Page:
How to Stay Competitive in the Publishing Industry

The publishing industry is a mad, mad world. Authors are constantly told they need to up their game, build their platform, try new things and sometimes it can be hard to navigate, so we asked some of our favorite authors who have recently published to share their #1 tip for other authors on how to stay competitive in this mad publishing world! 


throughwidelenses“Just keep writing. That’s what writers do— we write. And it’s the only thing you can control in this industry.”Brenda Janowitz, author of The Dinner Party



throughwidelenses (7)“In our increasingly digital world, it’s critical that as an author you maintain your personal (aka in-person) relationships to stay relevant and competitive. Go into your local bookstore and get to know the booksellers! Buy your books from them and become real friends. You’ll find that like real friends, they’ll support your work if you support theirs. And the same is true for other authors.

You probably have a few great authors who live close to you, no matter where that is. Get to know each other. Help each other. Spread the word about their books, and really other books in general. Your fans will appreciate it–we are all looking for that next great read–and so will the authors of those books.

It’s that old adage ‘what goes around, comes around,’ in the very best way possible.” Sarah Burningham, Little Bird Publicity and author of Girl to Girl and How to Raise Your Parents


throughwidelenses (2)“The publishing industry is in flux. It’s important for authors to keep informed about the industry, to learn about new social media and publishing platforms, new promotional opportunities, new marketing ideas, etc. to remain competitive and relevant. And be ‘Social’!

Being involved in social media can be incredibly rewarding for authors for multiple reasons. Authors can develop new and cultivate existing relationships with their readers and fellow authors, promote their work and the work of their peers, and reinforce their brand and platform. Plus, it’s simple and free!” Susie Schnall, author of The Balance Project and On Grace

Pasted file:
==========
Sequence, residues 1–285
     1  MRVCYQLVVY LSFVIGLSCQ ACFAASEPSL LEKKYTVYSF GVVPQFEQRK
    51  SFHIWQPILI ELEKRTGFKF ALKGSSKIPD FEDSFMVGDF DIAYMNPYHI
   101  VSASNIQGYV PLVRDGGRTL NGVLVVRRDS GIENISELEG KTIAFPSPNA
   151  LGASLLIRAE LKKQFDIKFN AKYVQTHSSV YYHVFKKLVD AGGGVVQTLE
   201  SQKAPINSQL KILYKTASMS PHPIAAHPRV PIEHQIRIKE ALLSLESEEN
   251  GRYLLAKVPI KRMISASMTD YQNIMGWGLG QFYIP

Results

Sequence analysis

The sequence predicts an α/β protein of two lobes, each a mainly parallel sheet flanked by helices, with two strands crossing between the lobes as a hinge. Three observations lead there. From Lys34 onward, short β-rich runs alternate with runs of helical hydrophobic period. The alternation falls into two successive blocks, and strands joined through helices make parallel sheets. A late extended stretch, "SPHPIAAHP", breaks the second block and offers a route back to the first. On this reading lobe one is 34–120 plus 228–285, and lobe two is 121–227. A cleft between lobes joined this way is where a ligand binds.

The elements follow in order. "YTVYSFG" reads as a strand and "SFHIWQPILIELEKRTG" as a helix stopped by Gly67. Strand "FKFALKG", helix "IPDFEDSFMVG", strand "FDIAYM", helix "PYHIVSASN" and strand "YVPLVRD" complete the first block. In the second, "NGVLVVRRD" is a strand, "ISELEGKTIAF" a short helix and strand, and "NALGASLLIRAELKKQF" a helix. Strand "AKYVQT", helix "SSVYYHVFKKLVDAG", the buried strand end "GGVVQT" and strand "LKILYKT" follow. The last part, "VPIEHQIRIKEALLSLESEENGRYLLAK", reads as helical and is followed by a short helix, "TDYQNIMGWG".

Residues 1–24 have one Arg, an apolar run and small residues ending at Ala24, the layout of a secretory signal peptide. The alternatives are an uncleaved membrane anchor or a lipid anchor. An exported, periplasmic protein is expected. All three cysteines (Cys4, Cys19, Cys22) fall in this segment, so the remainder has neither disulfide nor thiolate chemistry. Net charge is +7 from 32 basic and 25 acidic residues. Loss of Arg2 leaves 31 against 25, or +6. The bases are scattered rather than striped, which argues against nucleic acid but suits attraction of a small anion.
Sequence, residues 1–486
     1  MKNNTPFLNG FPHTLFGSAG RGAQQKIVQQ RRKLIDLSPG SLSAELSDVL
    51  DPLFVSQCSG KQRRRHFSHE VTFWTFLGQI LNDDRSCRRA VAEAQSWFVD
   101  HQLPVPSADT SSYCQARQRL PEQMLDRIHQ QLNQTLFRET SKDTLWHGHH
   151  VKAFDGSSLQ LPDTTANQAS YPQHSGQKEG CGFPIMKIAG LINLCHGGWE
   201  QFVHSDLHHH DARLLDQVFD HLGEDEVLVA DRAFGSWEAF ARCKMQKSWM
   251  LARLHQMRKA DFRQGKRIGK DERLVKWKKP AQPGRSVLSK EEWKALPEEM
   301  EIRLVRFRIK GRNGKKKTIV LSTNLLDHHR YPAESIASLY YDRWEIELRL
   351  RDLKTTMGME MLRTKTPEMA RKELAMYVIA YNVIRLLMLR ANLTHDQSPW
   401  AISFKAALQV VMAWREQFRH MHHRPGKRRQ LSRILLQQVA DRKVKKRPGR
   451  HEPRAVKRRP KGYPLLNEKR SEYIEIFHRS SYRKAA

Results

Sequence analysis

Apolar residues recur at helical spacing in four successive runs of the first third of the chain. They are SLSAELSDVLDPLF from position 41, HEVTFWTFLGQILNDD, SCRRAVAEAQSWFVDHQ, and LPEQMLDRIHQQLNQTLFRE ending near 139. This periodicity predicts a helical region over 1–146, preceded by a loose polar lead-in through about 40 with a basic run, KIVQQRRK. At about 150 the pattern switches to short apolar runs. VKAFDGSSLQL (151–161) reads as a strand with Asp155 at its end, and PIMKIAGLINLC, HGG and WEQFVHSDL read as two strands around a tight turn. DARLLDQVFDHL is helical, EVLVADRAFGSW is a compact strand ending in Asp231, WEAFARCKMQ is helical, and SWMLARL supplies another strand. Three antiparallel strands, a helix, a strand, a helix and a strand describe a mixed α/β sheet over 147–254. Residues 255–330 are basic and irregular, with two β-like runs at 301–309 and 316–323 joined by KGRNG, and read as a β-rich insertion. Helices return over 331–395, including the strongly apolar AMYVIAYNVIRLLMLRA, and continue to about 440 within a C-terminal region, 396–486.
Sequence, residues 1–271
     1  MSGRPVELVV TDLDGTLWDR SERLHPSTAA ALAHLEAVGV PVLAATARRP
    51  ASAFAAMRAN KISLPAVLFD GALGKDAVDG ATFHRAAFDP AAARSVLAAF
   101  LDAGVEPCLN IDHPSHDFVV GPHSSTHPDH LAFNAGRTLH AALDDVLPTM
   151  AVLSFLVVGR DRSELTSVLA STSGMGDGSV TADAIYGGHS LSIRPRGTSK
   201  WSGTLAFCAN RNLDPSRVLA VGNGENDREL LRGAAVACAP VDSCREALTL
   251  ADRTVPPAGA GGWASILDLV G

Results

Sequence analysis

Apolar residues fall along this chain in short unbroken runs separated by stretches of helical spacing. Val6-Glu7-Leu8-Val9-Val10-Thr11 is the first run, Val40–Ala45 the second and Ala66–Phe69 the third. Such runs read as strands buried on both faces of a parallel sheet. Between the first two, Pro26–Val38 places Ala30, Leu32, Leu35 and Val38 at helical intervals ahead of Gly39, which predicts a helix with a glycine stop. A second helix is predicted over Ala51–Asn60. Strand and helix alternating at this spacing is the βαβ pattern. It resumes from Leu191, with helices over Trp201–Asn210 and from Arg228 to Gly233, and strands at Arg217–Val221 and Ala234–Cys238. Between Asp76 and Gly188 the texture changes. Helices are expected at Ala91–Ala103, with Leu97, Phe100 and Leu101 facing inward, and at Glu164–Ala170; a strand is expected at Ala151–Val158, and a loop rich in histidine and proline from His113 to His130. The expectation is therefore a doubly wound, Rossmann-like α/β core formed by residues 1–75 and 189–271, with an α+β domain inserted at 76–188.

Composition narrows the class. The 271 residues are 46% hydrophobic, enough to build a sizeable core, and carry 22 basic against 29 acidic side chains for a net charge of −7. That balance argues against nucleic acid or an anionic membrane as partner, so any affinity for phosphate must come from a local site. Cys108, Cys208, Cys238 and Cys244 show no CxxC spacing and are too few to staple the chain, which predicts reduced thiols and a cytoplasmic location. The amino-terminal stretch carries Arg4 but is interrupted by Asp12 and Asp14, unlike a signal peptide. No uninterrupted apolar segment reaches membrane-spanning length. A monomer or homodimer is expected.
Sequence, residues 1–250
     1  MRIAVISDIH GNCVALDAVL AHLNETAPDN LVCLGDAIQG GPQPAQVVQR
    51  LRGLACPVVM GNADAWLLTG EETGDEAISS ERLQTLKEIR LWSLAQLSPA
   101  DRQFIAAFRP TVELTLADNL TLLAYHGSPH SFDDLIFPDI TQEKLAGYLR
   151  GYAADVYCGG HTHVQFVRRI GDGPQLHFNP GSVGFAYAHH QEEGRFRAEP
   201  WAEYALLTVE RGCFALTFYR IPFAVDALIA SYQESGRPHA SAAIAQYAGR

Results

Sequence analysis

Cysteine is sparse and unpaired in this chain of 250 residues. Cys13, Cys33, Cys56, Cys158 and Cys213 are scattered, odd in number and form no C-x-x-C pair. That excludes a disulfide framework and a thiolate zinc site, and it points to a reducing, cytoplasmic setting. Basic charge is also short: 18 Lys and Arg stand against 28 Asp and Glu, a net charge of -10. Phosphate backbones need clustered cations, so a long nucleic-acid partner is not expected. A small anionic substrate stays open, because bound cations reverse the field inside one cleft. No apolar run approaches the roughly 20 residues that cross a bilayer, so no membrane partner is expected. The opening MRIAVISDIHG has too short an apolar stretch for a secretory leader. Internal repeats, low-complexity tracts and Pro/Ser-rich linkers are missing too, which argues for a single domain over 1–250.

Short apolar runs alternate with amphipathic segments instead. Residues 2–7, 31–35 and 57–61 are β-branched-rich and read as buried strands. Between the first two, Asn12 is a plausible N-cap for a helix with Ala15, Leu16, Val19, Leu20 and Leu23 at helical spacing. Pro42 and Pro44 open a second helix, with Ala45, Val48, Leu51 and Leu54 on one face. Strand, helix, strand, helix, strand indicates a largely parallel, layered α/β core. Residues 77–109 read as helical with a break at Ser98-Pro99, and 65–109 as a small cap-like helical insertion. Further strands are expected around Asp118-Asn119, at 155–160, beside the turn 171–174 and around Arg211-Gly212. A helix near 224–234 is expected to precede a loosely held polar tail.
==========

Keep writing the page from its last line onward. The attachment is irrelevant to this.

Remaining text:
throughwidelenses (1)“Even when you are in between books, and holed up in the proverbial ‘writing cave’, don’t drop out completely! Be sure to keep up with your writing-world by reading other writers’ new work—and supporting it. Writing quick reviews, sharing your favorites on social media, writing blurbs and staying connected to other writers is a fabulous way to keep your profile high and your karma-score right where it needs to be for when it’s your turn to publish again.” – Kamy Wicoff, author of Wishful Thinking



throughwidelenses (4)“Study other genres–from screenwriting to poetry to picture books. My speechwriting for leaders has kept my own voice and big ideas fresh for my YA novels.” –Justina Chen, author of The Art of Inspiration: Lead Your Best Story


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“The single most important way to stay competitive is to make sure every book you put out is your best. (After all, there’s no marketing strategy on the planet that can make up for a subpar novel.) Obviously, that means devoting yourself to writing—but for me, it means reading a lot. I read at least a book a week, even when I’m on deadline, and try to vary genres, which helps me think more critically about story, structure, voice, etc. Over the past month,  for example, I read Elena Ferrante’s The Story of the Lost Child, Penelope Fitzgerald’s The Blue Flower, Paula Hawkins’ The Girl on the Train, Paul Kalanithi’s When Breath Becomes Air, and Madeleine L’Engle’s A Wrinkle In Time.” – Camille Pagan, author of Life and Other Near Death Experiences


throughwidelenses (5)“Always use your imagination. You’re the only one on the planet with direct access to it, so get in there and mine it. Don’t worry. It’s a magical resource: The more you delve into it, the more it expands.”Caroline Kepnes, author of You and Hidden Bodies


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“Content is king, more so than ever, and it’s not just in the form of your next book. Writers and authors alike ought to be scoping out opportunities for guest posting, contributing to magazines and anthologies, as well as keeping up their social media. Content also comes in the form of teaching, memes, and multimedia, like video and audio. Get creative, but also stay on message. The more you can put out into the world content that’s valuable and consistent, the more you’ll build a following for all the writing you do—from tweets to your next book.”Brooke Warner, publisher of She Writes Press and SparkPress and author of Green-Light Your Book

For even more lessons on navigating the current publishing landscape, check out Industry Expert Jane Friedman’s new post 4 Lessons for Authors.